White mold and sudden death syndrome are starting to develop in a number of soybean fields. These two diseases develop starting at the soybean flowering growth stage and can occur throughout the rest of the soybean growing season. Initial symptoms on the leaves can look similar for these two diseases. Examine the stems to differentiate between various diseases developing in soybeans at this time. SDS does not have in-season rescue treatments and the best time to manage white mold is at flowering growth stage. Scouting for diseases developing at this time will help in determining proactive management decisions for future seasons.
White mold infection is from spores (ascospores) released from mushroom-like structures called apothecia. The apothecia germinate from winter hardened survival structure, the sclerotia, once temperatures warm up in spring. When ascospores land on senescing flowers under wet (>12 hours continuous wetness for several days) and cool temperatures (<85°F), infection starts. The infection spreads above and below the point of infection. Once the lesion girdles the entire stem, the plant wilts and dies (Figure 1). Dead plants can be seen in clusters especially by the tree line (if a soybean field has a shelter belt) or high fertility areas of the field (tall and lush soybeans).
White mold can be managed through planting tolerant varieties, increasing row spacing (>20” rows), avoiding excessive nitrogen fertilizers (such as animal manure), and applying a fungicide at R1 (beginning flowering). For the fungicide to be effective, the type of the fungicide to be used, timing, and the coverage are important. Only a few fungicides have been found to reduce white mold severity. The list of fungicides against white mold can be found in this publication under the white mold column on 2nd and 3rd pages). Research shows that the best timing is R1 and where a high disease pressure is present, a follow-up fungicide at R3 may be considered.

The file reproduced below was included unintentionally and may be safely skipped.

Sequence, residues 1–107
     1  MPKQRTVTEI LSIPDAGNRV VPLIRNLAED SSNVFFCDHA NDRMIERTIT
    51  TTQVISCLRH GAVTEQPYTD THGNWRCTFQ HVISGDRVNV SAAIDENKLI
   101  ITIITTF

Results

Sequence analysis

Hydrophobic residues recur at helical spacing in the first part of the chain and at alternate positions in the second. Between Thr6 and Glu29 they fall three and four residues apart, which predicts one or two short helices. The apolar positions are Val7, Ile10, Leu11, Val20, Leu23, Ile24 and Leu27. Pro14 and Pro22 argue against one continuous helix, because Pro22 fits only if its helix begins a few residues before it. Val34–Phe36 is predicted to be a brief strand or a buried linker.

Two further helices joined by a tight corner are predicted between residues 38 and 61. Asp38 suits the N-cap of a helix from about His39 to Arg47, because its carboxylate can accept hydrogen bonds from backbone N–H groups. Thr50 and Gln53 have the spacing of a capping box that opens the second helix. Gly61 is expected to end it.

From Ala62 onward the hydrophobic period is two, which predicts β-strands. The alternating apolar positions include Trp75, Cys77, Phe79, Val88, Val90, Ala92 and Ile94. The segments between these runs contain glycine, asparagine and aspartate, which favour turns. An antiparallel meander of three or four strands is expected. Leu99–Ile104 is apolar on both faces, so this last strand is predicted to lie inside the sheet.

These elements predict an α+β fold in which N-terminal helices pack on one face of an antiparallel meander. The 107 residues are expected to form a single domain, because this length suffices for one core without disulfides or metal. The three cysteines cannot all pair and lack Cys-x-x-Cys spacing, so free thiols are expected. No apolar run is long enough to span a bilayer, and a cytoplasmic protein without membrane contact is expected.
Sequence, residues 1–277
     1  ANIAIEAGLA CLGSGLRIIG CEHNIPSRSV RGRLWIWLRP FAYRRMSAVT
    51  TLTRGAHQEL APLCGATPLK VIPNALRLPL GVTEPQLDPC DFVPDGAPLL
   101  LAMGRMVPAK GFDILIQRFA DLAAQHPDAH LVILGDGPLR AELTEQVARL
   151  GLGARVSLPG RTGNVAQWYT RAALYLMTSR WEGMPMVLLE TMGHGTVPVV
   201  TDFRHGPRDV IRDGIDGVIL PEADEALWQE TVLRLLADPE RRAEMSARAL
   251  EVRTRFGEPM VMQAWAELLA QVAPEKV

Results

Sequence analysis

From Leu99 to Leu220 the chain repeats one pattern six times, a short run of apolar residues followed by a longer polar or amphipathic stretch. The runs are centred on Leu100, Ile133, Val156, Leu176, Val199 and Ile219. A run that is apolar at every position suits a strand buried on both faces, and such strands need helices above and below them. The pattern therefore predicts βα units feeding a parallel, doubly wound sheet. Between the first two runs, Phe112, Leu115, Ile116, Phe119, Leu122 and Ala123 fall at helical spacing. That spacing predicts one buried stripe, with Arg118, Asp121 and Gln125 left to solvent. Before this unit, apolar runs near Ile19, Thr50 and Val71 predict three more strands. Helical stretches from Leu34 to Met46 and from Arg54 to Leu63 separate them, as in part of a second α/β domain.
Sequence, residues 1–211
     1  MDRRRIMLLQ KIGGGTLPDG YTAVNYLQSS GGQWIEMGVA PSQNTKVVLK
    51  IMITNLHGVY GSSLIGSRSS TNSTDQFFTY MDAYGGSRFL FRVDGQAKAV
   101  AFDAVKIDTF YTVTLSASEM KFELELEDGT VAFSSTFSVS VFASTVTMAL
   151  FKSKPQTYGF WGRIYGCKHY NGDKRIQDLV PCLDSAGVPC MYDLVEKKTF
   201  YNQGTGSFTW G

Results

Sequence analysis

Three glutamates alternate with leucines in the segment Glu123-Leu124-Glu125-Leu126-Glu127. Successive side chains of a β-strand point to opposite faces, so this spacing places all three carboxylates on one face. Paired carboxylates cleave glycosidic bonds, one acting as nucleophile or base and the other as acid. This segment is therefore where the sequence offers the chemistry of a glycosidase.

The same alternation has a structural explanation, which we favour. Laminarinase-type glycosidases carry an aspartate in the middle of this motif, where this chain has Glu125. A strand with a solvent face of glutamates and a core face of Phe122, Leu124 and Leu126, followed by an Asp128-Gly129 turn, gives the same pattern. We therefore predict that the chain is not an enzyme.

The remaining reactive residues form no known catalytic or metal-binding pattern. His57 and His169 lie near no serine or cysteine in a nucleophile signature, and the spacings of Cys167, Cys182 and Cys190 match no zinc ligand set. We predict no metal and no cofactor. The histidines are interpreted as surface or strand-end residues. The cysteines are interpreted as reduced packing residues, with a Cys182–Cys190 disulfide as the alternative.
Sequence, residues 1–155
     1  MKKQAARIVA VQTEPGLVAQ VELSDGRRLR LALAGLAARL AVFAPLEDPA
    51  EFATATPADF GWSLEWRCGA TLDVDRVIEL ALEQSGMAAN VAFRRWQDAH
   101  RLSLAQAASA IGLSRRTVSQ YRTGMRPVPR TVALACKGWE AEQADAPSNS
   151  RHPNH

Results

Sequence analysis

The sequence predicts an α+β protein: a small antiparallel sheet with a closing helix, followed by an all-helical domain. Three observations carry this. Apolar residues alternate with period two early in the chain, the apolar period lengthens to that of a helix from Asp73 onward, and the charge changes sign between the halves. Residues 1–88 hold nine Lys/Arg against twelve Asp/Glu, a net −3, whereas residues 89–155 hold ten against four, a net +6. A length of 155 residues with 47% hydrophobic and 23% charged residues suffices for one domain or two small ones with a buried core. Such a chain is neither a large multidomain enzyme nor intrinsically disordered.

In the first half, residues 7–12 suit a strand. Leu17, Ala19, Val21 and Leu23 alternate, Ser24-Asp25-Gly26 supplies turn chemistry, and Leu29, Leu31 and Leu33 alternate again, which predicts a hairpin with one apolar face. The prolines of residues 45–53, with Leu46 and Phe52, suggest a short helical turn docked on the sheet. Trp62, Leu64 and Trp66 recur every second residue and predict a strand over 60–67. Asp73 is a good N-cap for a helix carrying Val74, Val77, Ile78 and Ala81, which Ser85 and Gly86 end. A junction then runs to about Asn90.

Sudden Death Syndrome
Sudden death syndrome (SDS) infection takes place during the seedling stage but the foliar symptoms develop after flowering.
The SDS pathogen survives in soil and under wet and cool conditions at planting, the pathogen infects soybean seedlings. It expands to the taproot and lower parts of the stem.
Frequent rainfall after soybean flowering promotes the movement of the toxin produced by SDS pathogen from the roots to the leaves. This toxin causes the typical SDS symptoms of bright yellow blotches between leaf veins (Figure 2).
To confirm SDS, split the stem longitudinally and examine the lower part of the stem. The cortex should be discolored. If the plant is uprooted gently and the soil is moist, blue mycelia may be observed on the taproot surface (Figure 3).
SDS is managed through planting tolerant varieties, planting in well drained warm soils (>55°F), using fungicide seed treatments (products containing Fluopyram or pydiflumetofen), and managing well soybean cyst nematode (through resistant varieties, rotation and nematicide seed treatment) since SCN can increase the risk for SDS.